Tulsa area voters will go to the polls November 14 for special elections in House District 76 (Broken Arrow); Senate District 37; a bond election in Sand Springs; a utility vote in Bixby and seven charter changes in the City of Tulsa.
The special election in Senate District 37 will be between Republican Brian O’Hara and Democrat Allison Ikley-Freeman. The House District 76 special election is between Democrat Chris Vanlandingham and Republican Ross Ford.
Here are the proposed Tulsa City Charter changes:
- Proposition 1 – This would expand the ability of the city to “summarily abate a nuisance re-occurring on the same property under the same ownership within twenty-four (24) months of a previous nuisance abatement on that property.”
- Proposition 2 – This would relax the standard for notification of special meetings of the City Council and allow electronic notice to be sent to councilors.
- Proposition 3 – This deals with the effective dates of newly passed ordinances and resolutions. It would let resolutions – like ordinances are currently – be passed as “emergency measures” and state the date they become effective.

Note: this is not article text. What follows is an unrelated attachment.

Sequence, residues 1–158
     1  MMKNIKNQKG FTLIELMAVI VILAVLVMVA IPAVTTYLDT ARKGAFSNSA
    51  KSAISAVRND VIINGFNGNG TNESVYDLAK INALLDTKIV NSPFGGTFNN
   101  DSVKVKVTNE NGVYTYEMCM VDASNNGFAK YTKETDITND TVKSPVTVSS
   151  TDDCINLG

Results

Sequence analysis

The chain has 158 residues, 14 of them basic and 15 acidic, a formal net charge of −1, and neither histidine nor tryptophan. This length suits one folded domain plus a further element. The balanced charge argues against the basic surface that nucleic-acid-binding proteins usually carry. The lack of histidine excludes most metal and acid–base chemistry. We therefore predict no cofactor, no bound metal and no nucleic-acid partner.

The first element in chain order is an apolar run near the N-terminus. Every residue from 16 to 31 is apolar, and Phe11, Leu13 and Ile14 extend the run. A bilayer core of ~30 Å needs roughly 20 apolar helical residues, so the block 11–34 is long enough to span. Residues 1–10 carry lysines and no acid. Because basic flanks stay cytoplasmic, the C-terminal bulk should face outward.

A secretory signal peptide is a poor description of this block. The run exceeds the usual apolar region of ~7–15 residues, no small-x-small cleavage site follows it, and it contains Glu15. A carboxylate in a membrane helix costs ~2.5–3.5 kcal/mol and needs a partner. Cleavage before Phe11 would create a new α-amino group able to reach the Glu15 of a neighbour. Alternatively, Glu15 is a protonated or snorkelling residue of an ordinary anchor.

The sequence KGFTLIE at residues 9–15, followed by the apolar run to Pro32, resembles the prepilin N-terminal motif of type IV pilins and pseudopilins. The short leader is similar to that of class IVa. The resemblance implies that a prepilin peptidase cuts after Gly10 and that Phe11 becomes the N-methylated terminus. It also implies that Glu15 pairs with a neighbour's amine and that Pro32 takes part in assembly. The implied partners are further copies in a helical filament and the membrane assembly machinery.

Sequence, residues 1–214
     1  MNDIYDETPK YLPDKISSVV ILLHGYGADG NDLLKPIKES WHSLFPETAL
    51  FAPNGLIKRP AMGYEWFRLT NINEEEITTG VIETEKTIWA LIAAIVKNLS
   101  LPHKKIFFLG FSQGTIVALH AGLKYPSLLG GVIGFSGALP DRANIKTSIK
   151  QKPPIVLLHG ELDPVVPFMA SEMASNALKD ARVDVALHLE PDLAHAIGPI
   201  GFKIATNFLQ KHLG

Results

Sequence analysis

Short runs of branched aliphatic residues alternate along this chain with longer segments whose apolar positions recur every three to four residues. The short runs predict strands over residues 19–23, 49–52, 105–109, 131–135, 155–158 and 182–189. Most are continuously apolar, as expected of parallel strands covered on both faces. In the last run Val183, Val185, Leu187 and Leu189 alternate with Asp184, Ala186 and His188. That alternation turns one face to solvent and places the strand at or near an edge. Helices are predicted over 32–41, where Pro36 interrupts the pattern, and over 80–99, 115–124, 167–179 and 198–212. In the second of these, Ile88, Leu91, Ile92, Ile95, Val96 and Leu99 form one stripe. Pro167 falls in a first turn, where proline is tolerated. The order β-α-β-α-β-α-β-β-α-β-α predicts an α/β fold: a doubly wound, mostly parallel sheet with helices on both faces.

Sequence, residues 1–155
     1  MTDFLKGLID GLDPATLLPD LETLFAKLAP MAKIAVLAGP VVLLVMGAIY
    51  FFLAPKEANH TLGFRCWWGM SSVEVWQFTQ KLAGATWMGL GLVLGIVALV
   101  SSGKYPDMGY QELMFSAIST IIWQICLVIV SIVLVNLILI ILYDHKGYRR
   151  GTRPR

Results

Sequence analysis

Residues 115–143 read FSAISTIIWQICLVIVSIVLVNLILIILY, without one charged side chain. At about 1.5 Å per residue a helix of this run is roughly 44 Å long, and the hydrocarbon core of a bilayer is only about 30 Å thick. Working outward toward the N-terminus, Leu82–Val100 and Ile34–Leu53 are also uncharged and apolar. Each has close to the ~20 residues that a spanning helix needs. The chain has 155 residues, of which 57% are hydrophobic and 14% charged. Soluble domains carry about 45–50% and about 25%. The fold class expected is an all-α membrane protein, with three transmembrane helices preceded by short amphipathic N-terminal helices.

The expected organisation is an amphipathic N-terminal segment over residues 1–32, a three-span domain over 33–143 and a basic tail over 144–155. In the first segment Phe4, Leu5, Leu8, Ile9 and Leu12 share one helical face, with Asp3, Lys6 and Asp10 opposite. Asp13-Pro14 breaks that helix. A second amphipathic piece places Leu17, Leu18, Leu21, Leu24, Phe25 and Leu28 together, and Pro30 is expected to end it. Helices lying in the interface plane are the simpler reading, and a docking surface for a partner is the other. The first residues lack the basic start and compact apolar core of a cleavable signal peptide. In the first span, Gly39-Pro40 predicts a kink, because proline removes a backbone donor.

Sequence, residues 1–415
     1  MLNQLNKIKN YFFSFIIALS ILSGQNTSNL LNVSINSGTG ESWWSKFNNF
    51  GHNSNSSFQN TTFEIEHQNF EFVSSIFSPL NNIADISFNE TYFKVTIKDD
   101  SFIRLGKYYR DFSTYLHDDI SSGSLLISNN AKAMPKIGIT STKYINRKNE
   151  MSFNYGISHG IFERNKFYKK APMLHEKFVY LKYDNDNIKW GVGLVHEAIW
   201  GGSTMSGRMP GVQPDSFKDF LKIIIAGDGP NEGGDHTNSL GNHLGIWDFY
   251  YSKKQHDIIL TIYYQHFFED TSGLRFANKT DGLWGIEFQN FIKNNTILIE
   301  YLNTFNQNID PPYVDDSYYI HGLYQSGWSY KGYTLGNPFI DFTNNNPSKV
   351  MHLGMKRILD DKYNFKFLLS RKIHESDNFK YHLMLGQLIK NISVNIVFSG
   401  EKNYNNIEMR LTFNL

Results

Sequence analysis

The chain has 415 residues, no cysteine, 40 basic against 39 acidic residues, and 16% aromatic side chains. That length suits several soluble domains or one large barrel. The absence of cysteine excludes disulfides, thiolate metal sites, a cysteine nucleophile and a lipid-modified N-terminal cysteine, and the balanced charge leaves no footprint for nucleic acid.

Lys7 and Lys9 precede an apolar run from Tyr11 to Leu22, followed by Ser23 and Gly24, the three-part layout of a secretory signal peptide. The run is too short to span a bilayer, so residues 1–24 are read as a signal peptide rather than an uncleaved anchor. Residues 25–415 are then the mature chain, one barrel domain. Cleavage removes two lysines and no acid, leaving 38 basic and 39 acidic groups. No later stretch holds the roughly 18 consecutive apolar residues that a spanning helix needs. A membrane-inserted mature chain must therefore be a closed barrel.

- Proposition 4 – This would change municipal races for general elections to have candidates file in June, hold elections in August and have run-off elections in November.
- Proposition 5 – This would affect the “Election District Commission” – which determines boundaries for council districts. If approved, the mayor would appoint five members to the commission (confirmed by the City Council). Two members would be registered in the political party with the largest number of registered voters in the city. Two members would come from the second largest political party and one member would be registered as an Independent. Those boundaries are adjusted every 10 years following a national census.
- Proposition 6 – This would allow municipal employees – including firefighters – to participate in certain political activities, including attending public meetings and to express their views when they are off duty and not in uniform.
- Proposition 7 – This states that any revenue from the 2017 Public Safety Sales Tax can’t be used for anything other than public safety.